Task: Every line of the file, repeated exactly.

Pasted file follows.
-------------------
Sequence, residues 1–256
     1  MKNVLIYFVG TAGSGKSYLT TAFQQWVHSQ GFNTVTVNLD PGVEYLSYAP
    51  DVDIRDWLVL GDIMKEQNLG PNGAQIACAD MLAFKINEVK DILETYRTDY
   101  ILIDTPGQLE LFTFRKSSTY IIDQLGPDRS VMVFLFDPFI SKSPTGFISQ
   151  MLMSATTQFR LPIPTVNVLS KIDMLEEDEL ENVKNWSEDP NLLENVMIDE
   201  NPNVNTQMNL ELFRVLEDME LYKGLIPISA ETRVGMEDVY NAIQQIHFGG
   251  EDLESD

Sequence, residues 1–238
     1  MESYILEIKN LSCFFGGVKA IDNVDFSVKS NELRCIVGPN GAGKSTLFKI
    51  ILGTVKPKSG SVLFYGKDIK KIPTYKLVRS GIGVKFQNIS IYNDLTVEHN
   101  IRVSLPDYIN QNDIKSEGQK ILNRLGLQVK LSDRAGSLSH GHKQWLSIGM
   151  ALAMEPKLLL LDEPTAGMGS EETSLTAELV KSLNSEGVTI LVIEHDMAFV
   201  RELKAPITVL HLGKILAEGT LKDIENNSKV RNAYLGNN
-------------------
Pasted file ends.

Sequence, residues 1–256
     1  MKNVLIYFVG TAGSGKSYLT TAFQQWVHSQ GFNTVTVNLD PGVEYLSYAP
    51  DVDIRDWLVL GDIMKEQNLG PNGAQIACAD MLAFKINEVK DILETYRTDY
   101  ILIDTPGQLE LFTFRKSSTY IIDQLGPDRS VMVFLFDPFI SKSPTGFISQ
   151  MLMSATTQFR LPIPTVNVLS KIDMLEEDEL ENVKNWSEDP NLLENVMIDE
   201  NPNVNTQMNL ELFRVLEDME LYKGLIPISA ETRVGMEDVY NAIQQIHFGG
   251  EDLESD

Sequence, residues 1–238
     1  MESYILEIKN LSCFFGGVKA IDNVDFSVKS NELRCIVGPN GAGKSTLFKI
    51  ILGTVKPKSG SVLFYGKDIK KIPTYKLVRS GIGVKFQNIS IYNDLTVEHN
   101  IRVSLPDYIN QNDIKSEGQK ILNRLGLQVK LSDRAGSLSH GHKQWLSIGM
   151  ALAMEPKLLL LDEPTAGMGS EETSLTAELV KSLNSEGVTI LVIEHDMAFV
   201  RELKAPITVL HLGKILAEGT LKDIENNSKV RNAYLGNN